Combating Childhood Obesity
Stunning new data showing a steep 48 percent decline in preschooler obesity has researchers feeling cautiously optimistic.
The data, published in the Journal of the American Medical Association, follows a general national decline in childhood obesity over the past two decades. This decline has been attributed to everything from Michelle Obama’s Let’s Move campaign to healthier school lunch programs. But individual states, like Texas, are seeing more modest declines in childhood obesity rates, or are simply holding steady.
“To those of us in the profession (of obesity research), any decline in the childhood obesity rate is good news,” says Steven Kelder, PhD, MPH, co-director of the Michael & Susan Dell Center for Healthy Living and professor of epidemiology for The University of Texas Health Science Center (UTHealth) School of Public Health Austin Regional Campus. “But we still have a very large obesity problem we need to continue to address.”
How large? Consider the stats: Texas has the seventh highest rate of obesity among adolescents at 24 percent. Nearly a quarter of fourth-grade children are obese. Obesity strikes poor and minority children at even higher rates — for example, a whopping 35 percent of Hispanic fourth-grade boys are obese. And recent data doesn’t show a significant decrease in childhood obesity in Texas, possibly due to the recession and a lack of financial support for childhood obesity interventions, say obesity experts.
But there’s also good news. Before the recession, obesity rates for children in the El Paso region decreased from 25.8 percent to 18.8 percent from 2000-2002 to 2004-2005, according to the Dell Center for Healthy Living’s School Physical Activity and Nutrition (SPAN) study. And students in the Travis County Dell Coordinated Approach to Child Health (CATCH) study had an 8.3 percent decrease in obesity from spring 2007 to spring 2008.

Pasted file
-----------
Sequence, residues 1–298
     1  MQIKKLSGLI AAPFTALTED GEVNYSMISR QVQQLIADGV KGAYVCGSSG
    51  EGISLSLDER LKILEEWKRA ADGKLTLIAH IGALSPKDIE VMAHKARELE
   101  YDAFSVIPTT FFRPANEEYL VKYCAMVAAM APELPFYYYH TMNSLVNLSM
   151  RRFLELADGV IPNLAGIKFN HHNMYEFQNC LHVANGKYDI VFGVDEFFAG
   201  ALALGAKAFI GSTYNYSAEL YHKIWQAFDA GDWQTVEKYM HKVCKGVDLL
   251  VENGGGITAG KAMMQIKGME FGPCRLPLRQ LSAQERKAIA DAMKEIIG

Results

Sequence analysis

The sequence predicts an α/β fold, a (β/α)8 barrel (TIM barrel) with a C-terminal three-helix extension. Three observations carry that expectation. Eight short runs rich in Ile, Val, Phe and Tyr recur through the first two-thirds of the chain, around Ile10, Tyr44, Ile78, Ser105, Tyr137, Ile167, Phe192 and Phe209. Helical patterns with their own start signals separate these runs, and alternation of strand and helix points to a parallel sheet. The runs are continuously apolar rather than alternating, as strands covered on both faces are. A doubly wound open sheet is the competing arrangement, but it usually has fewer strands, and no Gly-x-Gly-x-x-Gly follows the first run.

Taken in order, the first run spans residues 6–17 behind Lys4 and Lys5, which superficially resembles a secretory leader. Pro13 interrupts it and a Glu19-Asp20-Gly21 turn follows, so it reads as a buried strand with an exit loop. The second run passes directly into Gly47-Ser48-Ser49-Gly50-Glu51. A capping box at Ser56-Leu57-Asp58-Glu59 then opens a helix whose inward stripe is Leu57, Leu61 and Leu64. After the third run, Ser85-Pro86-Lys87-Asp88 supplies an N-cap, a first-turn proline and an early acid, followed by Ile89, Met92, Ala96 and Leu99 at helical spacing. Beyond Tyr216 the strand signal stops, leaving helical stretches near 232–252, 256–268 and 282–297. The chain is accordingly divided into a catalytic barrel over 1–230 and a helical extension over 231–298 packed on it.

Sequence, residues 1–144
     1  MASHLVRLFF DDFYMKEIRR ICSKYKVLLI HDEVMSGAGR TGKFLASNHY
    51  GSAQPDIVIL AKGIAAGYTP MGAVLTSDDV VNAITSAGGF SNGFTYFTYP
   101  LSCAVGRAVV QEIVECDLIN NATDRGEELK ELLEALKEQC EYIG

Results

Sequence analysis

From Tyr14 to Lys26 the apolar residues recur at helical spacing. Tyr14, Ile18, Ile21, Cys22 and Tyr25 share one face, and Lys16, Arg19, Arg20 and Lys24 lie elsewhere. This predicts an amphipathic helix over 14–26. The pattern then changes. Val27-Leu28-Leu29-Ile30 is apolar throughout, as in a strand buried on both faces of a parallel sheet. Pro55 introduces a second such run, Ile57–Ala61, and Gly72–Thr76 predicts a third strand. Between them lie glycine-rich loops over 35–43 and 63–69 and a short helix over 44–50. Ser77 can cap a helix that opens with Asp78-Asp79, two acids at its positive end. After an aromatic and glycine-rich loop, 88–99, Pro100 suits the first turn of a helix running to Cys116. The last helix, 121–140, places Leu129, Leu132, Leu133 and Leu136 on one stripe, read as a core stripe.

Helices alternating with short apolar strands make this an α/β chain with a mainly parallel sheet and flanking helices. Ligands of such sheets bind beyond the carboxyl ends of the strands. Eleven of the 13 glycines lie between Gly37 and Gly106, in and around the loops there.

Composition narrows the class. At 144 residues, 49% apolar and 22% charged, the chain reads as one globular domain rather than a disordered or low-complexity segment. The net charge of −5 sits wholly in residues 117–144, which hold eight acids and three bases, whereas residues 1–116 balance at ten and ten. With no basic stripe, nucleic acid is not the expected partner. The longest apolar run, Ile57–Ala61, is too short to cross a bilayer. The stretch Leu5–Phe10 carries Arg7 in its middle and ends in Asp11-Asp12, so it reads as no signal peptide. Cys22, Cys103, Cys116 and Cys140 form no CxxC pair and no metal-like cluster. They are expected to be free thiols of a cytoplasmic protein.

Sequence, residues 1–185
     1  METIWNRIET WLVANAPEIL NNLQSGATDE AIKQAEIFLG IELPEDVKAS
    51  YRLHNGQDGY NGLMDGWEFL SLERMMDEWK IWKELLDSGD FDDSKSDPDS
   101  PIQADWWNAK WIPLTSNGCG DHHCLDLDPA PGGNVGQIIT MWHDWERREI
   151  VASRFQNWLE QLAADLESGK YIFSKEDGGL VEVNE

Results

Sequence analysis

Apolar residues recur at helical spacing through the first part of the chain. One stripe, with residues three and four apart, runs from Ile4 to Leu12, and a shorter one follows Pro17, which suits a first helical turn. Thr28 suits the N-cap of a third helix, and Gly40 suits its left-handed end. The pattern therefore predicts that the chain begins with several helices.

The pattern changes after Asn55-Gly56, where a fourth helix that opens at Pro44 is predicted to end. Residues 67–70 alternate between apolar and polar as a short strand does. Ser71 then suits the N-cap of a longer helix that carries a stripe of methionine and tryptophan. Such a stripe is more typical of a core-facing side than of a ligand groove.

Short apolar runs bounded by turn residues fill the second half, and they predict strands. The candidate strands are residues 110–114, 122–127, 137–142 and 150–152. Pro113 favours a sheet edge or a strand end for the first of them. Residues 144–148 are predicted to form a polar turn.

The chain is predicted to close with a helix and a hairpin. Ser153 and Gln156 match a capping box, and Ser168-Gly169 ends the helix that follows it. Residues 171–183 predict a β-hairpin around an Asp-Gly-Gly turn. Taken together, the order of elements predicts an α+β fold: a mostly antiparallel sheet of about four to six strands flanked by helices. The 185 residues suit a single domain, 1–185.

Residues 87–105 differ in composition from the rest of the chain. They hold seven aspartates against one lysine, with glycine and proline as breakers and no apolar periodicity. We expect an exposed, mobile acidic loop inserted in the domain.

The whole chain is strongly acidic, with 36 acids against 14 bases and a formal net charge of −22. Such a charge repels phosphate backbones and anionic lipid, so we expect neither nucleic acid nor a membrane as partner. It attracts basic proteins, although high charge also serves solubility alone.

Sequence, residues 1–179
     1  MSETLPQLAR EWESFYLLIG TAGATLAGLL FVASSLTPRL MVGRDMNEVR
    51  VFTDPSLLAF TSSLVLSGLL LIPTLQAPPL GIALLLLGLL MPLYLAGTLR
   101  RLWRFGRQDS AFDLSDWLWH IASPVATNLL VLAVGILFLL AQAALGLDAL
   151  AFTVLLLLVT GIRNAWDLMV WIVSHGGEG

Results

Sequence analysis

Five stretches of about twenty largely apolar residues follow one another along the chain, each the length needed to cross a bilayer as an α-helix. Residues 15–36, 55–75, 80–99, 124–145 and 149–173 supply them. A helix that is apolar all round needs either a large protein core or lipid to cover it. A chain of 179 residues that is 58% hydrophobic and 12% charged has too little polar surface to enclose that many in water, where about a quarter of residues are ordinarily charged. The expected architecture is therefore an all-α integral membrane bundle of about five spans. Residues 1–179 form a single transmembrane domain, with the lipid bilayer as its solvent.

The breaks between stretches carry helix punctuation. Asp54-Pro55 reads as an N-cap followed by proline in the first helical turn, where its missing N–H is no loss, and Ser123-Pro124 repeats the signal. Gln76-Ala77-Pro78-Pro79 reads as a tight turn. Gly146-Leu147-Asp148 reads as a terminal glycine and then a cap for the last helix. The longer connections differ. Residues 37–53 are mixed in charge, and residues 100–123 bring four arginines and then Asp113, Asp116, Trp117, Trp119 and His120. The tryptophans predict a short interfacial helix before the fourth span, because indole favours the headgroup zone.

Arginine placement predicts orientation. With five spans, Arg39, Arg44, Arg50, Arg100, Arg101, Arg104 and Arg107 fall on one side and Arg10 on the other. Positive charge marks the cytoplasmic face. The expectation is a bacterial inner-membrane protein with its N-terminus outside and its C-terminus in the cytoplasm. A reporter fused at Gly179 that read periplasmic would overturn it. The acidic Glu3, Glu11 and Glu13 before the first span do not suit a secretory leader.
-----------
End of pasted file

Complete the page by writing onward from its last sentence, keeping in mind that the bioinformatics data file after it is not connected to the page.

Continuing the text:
“In areas where we are able to implement obesity prevention school-based interventions and have community support, we have seen significant decreases in childhood obesity,” says Deanna Hoelscher, PhD, Dell Center for Healthy Living director and John P. McGovern Professor of health promotion at UTHealth School of Public Health Austin Regional Campus.
Since founding the Dell Center for Healthy Living in 2006, Hoelscher and Kelder have found success reducing childhood obesity when they implemented evidence-based, school-based health programs backed by parental and community support, similar to the Centers for Disease Control and Prevention’s (CDC) whole child model. Want to see the same changes in your community? Hoelscher and Kelder encourage parents and community members to become advocates and push for programs in their neighborhoods. Here’s how to make what’s working in other communities work for your community:
“Schools are a great conduit for obesity programs,” Kelder says. “The kids are there for most of their day from kindergarten to high school. It is a perfect opportunity to address their nutrition and physical fitness during that time.”
One of the Dell Center’s most successful school obesity interventions is CATCH, or Coordinated Approach to Child Health. If you have a child in public school in Texas, you may know of the CATCH program from packing your child’s CATCH break — a healthy snack for school. But that’s just one component of the program, which is designed to promote physical activity and healthy food choices. The CATCH program provides in-depth materials about nutrition and physical activity for classroom teachers, child nutrition services staff, physical educators and families. CATCH also offers an early childhood program and after-school program.
The program has been a success in Texas. Since an initial study in El Paso in the 1990s helped lower the weight of low-income school children by 8 percent, follow-up studies have had similar results. A follow-up study in Austin reduced obesity by 7 to 8 percent. Since then, the program has been adopted by more than 9,000 schools in the United States and abroad.